Parashat Lech Lecha / What’s in a (New) Name?

Yakov Z. Meyer
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Abraham and the Angels, by Aert de Gelder (1680-85)
Yakov Z. Meyer

The Torah is written in two genres: narrative and legal. The narrative sections tell a historical-mythological story, creating their own inner logic. At least from the rhetorical standpoint, they do not deal with anything external to the text. In contrast, the goal of the legal parts is clearly externally oriented: The law presented in the Torah seeks to shape the reader’s behavior. Whereas the subjects of the narrative sections are the biblical protagonists, described in the third person, the subject of the legal sections is the reader, whom the text addresses directly in the second person.

The Book of Genesis and half of the Book of Exodus are narrative in character. From the second half of Exodus onward, the Torah intersperses legal sections with narrative ones. Almost all the texts in Leviticus are legal in nature; it contains only two brief narrative passages.

However, the question of whether a given passage in the Torah is narrative or legal is not dependent solely on the nature of the text itself: Sometimes it is dependent on the way the reader perceives it. An example can be found in this week’s portion, Parashat Lech Lecha (Genesis 12:1 - 17:27).

When Abram turns 99, God reveals himself to the patriarch, informing him: “Neither shall thy name any more be called Abram, but thy name shall be Abraham; for the father of a multitude of nations have I made thee” (Genesis 17:5). These words are ostensibly addressed solely to Abraham and are an integral part of the book’s narrative. But in the eyes of Bar Kapara and Rabbi Eliezer, they constitute a commandment for all eternity.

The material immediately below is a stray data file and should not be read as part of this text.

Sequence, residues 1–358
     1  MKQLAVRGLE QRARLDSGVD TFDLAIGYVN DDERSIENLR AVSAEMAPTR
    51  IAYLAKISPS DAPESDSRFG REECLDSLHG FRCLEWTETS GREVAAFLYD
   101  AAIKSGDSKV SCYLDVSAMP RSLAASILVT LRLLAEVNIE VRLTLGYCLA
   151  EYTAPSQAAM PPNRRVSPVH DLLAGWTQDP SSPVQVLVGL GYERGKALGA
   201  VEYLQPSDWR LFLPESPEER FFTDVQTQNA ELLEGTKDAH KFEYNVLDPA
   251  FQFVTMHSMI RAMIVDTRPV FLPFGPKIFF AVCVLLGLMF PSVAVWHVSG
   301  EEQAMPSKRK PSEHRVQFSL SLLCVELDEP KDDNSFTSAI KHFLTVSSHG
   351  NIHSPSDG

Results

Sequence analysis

“Bar Kapara learned the following: Whoever calls Abraham ‘Abram’ is violating a prescriptive commandment [mitzvat asseh], as it is written, ‘but thy name shall be Abraham.’ Rabbi Eliezer countered: Whoever does so is violating a commandment containing a prohibition [mitzvat lo-ta’asseh], as it is written, ‘Neither shall thy name any more be called Abram’” (Babylonian Talmud, Tractate Berachot, p. 13b).

Although the rabbis disagree over the nature of the sin committed (in terms of the type of commandment it violates), they concur that the text is addressed not only to Abraham but also to the reader, whose life is shaped by this text as is the patriarch’s. The latter’s name must be pronounced in a specific manner – as Abraham, not Abram – and this obligation stems directly from the narrative developments concerning his character. The commandment concerning the pronunciation of his name is meant to shape his image in the reader’s mind, which is disengaged from the text and which will be henceforth uttered in the proper manner by his descendants, in accordance with the twists and turns of the biblical narrative.